You earn skill points by doing pretty much anything: speeding, drifting, side-swiping, going off road, crashing into fences, crashing into telephone poles, crashing into roadside tables, crashing into other cars. Skill points are tied to your character, not your vehicle, so if you earn them with one car, you can still apply them to another.
Skills are typically take-it-or-leave-it, but most cars have at least one node in their respective tree that grants you an instant Wheelspin. (Some rare cars have so-called Super Wheelspins, which run three slots at the same time, rather than the typical one.) Get those skills first, then bank the rest of your points to unlock the same node on other cars.
Also, if you don’t care about seeing how many skill points you earn, banish them from your HUD. You’ll still earn points on the backend, even if you don’t see it happening.
Forza Horizon 5 has more than 200 “bonus boards”—small billboards you can drive through for an XP boost—strewn around the map. If you’re at the location of one per your GPS but can’t find the thing for the life of you, look up. It’s probably on top of the house next to you. (Sorry, 30 hours later and I still haven’t figured out how to get up there.) Or, if you’re on a bridge, it’s probably below you, sometimes in the water.
Fast-traveling in Forza Horizon 5 will run you around 9,000 a pop—a minor cost in the grand scheme of things but some bullshit on principle. To that end, there are a few ways to circumvent the cost. By selecting “Go To Home” from the My Horizon menu, you can fast-travel back to your chosen house at no cost. Or, by hitting “Buy New and Used Cars” in the Cars menu, you’ll go to the nearest established Horizon Festival outpost.
In Forza Horizon 5, you can’t just automatically sell your Fords (or other cars you don’t like). Instead, you have to put them up for auction, where other players can bid on them. Some tips:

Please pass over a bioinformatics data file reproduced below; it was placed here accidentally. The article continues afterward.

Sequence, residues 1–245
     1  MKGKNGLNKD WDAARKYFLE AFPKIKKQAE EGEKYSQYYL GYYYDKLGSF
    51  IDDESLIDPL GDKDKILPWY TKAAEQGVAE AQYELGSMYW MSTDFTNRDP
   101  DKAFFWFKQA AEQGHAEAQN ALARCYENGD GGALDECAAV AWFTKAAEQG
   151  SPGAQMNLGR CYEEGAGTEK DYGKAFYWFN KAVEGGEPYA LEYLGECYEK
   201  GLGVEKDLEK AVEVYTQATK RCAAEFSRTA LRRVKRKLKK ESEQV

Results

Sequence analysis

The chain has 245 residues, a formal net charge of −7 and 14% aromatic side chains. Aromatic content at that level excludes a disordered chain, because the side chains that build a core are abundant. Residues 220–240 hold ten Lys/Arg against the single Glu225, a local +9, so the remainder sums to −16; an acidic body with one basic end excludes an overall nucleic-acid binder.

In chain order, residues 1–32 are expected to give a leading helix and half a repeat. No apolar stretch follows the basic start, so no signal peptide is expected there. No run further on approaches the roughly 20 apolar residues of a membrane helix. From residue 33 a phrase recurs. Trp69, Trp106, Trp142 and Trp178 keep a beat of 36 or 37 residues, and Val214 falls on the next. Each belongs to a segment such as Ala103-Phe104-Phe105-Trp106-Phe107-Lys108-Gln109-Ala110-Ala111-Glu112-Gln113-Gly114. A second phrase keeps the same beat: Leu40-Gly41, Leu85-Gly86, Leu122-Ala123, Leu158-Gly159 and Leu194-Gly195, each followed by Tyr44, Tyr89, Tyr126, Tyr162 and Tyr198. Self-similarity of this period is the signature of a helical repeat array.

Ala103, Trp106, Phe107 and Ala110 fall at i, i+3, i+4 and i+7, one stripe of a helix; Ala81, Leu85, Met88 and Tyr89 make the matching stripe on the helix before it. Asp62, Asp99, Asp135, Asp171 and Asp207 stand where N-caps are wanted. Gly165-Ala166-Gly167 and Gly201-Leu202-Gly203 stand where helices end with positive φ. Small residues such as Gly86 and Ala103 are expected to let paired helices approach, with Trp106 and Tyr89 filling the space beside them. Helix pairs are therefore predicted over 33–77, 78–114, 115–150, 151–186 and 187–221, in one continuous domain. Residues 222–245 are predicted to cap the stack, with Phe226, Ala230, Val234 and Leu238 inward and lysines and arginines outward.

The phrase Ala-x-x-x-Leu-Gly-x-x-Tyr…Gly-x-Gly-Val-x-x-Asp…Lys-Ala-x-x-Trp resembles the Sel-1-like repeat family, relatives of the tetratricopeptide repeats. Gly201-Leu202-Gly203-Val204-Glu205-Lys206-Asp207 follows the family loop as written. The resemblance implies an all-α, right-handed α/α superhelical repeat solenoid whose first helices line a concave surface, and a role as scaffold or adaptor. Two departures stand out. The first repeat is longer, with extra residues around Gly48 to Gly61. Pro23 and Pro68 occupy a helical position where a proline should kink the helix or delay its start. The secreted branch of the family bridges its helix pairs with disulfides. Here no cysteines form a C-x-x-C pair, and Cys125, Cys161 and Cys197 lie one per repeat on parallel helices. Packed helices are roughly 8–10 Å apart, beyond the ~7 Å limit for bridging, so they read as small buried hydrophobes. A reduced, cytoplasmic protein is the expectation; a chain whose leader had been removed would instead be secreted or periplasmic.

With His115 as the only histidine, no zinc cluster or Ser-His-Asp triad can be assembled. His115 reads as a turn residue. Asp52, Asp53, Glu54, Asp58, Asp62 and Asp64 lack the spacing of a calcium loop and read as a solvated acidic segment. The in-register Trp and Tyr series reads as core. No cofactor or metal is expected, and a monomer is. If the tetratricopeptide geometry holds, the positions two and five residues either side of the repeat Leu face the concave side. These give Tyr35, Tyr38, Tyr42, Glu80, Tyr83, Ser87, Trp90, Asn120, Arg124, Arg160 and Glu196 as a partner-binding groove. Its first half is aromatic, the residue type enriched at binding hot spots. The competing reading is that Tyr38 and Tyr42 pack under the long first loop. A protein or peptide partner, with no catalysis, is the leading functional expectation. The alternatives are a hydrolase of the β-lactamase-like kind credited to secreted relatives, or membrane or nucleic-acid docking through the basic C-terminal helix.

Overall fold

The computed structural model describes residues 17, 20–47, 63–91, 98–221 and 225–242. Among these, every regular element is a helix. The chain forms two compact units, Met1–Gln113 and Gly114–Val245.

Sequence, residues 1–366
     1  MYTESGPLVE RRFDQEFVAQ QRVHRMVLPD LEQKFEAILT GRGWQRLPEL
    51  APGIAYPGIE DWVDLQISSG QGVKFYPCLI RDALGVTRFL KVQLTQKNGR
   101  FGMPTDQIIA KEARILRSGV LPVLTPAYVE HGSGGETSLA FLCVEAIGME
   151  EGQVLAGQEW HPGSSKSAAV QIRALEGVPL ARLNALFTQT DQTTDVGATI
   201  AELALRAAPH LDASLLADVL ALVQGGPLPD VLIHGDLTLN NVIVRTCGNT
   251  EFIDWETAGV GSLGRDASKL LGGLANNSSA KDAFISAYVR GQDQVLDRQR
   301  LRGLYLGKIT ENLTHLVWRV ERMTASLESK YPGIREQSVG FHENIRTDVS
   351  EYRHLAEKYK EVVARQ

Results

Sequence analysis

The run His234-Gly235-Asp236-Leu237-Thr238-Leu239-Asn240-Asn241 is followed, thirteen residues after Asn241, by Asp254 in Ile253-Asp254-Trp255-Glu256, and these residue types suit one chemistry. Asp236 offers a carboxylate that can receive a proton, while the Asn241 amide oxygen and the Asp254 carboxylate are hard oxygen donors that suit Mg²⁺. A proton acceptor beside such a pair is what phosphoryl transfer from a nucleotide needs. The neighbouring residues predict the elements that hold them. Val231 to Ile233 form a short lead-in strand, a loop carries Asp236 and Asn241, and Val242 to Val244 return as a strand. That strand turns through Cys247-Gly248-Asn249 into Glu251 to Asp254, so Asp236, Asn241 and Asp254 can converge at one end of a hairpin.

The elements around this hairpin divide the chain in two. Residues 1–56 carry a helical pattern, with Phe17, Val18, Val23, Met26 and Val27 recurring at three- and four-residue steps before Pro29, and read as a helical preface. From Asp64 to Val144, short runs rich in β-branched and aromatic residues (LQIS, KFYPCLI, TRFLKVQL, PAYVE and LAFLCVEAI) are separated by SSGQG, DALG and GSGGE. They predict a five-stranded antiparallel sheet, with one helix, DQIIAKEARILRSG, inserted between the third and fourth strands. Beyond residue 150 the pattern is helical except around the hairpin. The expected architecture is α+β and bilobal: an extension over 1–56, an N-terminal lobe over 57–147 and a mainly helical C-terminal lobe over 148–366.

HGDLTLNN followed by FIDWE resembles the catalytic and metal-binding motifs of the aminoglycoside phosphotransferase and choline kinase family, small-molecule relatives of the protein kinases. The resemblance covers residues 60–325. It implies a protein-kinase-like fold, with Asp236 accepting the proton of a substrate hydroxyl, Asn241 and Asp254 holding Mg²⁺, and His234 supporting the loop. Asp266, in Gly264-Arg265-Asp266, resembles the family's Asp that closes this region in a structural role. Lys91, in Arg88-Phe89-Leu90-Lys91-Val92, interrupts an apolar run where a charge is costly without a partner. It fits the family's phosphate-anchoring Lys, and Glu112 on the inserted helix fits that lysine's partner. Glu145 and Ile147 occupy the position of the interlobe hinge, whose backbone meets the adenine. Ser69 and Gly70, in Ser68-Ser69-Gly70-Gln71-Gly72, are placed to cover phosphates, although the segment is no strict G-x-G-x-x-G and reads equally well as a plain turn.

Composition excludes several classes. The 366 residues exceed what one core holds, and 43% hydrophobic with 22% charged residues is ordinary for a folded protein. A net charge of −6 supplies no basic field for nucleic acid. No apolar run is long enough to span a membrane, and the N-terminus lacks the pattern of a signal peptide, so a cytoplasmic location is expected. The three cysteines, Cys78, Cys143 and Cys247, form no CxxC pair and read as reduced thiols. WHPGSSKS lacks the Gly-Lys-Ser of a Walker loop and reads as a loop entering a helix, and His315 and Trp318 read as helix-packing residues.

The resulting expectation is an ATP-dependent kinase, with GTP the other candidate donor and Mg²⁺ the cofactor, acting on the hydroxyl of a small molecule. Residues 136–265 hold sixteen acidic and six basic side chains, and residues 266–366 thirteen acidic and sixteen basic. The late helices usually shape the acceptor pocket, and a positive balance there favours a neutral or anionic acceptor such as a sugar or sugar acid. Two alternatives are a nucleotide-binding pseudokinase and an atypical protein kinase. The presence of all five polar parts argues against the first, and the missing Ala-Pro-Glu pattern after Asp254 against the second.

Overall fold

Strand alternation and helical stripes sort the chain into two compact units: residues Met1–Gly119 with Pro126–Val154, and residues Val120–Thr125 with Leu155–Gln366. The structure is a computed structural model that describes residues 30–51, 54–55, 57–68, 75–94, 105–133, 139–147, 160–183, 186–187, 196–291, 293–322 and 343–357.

- Set the time to 24 hours. There’s never a need so urgent in Forza Horizon 5 that you need credits stat, and dragging out the auction as long as you can ensures you’ll get the biggest payout.
- Whatever the starting bid is set at, double it. No reason not to.
- Once a car is sold, you don’t automatically get the funds in your account. You have to return to the Auction House menu, click on “my auctions,” and manually collect the credits from every successful sale. If you don’t do so within 60 days, they’re forfeit.
Yes, trying to take sharp corners in a Koenigsegg feels a lot like trying to rollerblade on an ice-skating rink. But these Swedish-made hyper cars, particularly the 2016 Regera, make Sonic the Hedgehog seem like a Slowpoke—an easy ticket to win first place in all of Horizon’s drag race events.
In races, if you don’t pass between the bounds of a checkpoint, you’ll have to rewind (Y button) or get your time knocked. Here’s the trick: You technically don’t have to drive in between the checkpoints. Think of it like ski racing: As long as you tap the outside, you’re good. (This hack is quite helpful for the tight corners of street racing events.)
On the flip side, if a race or event doesn’t have any checkpoints, you don’t need to follow the route at all. You can just go in a beeline—over hills, through fields or deserts, you name it—to the destination. It’s an easy opportunity to turn a winding race into a 45-second off-road sprint.
This novelty vehicle costs 850,000 credits and handles just as poorly as it does in the source material. Leave it for Master Chief.